- for the crfor holding operating companies on trust in such a way as to limit trustee involvement in the business of the operating company, or for investing in family companies where economic performance is likely to be poor or uncertain;
- in establishing trusts which, by vesting enforcement and information rights in an independent and trusted enforcer, will prevent beneficiaries prone to disagreement from consuming the trust fund assets in speculative legal claims and demands for information from the trustees; and
- for social benefit projects (both public and private) to enable certain community facilities or areas to be maintained, for the preservation of monuments, to provide financial support for example to an opera house and to fund particular political purposes.
Recognition outside of the Cayman Islands
Notwithstanding the concerns expressed when STAR Law was introduced in the Cayman Islands about whether STAR trusts would be recognised as valid trusts in other jurisdictions, there does not seem to be any reported case successfully challenging the validity of, or refusing to recognise, a STAR Trust as a valid trust.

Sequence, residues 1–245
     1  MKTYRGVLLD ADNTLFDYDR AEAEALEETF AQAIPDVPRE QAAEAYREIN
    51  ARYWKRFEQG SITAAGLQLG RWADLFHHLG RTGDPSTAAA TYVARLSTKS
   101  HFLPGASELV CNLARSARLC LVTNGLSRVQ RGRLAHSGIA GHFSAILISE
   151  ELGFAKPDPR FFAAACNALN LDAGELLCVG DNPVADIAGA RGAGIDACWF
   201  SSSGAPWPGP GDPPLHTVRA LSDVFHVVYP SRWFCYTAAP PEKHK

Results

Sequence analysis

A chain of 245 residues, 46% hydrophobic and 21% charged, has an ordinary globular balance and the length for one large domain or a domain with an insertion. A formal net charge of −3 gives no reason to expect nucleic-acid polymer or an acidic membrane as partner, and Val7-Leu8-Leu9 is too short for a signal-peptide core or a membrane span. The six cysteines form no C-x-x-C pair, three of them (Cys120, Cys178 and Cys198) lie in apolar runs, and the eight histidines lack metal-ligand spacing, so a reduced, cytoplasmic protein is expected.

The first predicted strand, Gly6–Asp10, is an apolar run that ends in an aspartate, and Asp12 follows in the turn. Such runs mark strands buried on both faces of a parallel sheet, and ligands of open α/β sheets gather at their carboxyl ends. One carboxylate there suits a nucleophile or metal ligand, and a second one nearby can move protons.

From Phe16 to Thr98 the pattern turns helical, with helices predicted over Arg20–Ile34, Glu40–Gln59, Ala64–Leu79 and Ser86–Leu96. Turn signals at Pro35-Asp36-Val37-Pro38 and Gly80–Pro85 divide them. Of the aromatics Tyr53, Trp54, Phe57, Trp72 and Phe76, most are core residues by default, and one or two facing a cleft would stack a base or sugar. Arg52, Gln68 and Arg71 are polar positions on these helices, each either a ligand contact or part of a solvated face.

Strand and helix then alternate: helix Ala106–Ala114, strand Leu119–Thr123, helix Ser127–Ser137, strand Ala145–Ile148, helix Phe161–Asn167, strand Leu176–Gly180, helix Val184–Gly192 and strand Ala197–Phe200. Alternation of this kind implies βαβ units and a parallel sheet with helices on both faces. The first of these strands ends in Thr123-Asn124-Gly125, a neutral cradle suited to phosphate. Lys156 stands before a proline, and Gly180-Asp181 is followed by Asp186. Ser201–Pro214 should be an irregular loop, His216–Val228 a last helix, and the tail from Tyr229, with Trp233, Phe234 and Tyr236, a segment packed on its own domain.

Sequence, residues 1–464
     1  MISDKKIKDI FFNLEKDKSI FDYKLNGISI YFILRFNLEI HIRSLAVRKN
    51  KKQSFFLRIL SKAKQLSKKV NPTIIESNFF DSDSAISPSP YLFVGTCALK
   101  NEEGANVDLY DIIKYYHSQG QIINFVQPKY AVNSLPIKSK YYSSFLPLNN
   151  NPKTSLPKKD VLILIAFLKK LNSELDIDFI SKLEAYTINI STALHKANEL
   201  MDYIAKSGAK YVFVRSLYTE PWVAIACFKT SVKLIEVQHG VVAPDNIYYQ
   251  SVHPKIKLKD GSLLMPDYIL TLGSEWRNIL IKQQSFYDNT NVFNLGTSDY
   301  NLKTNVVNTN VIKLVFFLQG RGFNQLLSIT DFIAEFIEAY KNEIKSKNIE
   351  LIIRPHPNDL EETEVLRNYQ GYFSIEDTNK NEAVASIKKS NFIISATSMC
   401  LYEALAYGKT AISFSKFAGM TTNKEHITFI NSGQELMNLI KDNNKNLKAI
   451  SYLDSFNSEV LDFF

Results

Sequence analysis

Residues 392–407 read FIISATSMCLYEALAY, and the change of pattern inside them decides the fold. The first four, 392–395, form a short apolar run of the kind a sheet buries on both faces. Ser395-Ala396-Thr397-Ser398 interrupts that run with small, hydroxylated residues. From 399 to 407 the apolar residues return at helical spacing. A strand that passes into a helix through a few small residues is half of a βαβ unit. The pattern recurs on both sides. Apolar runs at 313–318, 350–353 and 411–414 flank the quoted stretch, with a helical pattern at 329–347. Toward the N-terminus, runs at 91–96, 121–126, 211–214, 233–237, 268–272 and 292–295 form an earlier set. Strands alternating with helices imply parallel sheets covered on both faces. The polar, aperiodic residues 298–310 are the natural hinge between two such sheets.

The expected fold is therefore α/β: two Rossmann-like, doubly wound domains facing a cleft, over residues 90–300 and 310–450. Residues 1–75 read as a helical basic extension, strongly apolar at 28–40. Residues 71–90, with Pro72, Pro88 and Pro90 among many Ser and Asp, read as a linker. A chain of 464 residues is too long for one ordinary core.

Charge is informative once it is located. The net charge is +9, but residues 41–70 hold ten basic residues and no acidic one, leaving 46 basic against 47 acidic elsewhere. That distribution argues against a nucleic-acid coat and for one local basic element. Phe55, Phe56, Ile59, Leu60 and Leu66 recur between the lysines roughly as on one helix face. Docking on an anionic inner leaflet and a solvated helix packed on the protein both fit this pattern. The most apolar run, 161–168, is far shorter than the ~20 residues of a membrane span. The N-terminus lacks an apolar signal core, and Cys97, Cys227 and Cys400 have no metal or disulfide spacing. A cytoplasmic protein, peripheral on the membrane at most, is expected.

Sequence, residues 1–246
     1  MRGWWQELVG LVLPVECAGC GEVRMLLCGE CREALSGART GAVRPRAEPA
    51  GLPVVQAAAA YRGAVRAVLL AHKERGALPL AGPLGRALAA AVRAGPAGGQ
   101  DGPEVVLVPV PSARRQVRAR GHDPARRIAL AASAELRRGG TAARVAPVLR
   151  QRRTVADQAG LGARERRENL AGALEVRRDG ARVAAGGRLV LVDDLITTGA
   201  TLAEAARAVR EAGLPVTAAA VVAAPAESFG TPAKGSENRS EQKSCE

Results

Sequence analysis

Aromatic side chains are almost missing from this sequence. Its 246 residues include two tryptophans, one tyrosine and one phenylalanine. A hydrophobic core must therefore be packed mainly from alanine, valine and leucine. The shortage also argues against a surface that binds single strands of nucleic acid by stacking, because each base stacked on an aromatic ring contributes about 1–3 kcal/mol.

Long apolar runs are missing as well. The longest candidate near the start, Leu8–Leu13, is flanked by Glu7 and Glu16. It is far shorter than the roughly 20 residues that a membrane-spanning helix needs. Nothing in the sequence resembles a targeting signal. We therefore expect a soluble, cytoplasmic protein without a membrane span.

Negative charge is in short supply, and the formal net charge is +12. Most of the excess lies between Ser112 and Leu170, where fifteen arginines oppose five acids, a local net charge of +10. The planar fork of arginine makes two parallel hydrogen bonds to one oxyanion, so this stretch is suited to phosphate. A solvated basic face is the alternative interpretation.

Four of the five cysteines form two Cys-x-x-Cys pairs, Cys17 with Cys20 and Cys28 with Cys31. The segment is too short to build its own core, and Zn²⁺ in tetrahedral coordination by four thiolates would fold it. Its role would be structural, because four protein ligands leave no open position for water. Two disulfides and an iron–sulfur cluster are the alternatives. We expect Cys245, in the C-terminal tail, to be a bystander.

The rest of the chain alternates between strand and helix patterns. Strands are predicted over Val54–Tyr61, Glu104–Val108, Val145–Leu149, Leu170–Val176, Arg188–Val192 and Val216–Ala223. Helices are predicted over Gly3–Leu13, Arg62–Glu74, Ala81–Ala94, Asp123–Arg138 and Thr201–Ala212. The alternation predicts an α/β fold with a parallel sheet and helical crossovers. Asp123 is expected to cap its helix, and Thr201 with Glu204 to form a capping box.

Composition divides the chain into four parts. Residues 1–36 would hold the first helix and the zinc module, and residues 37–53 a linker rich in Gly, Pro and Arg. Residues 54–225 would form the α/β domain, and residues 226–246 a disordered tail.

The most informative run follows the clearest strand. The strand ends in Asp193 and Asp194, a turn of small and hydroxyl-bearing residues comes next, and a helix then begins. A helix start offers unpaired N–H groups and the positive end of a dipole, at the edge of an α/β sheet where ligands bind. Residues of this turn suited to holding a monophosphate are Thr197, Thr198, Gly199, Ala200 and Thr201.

A STAR Trust would generally fall within the definition of a ‘trust’ in The Hague Convention on the Law Applicable to Trusts and on their Recognition and should qualify as a trust, seeing as Cayman law would govern the question of its validity being the law chosen by the settlor. It follows that in countries that have adopted such Convention, it can be expected that a STAR Trust would generally be recognised as a trust.
As a result of the flexibility of the STAR regime, particularly in relation to trusts established for non-charitable purposes in a broad range of different contexts and trusts where enforcement/information rights are conferred in non-traditional ways, it is anticipated that the role of STAR Trusts in offshore transactions and arrangements will continue for many years to come.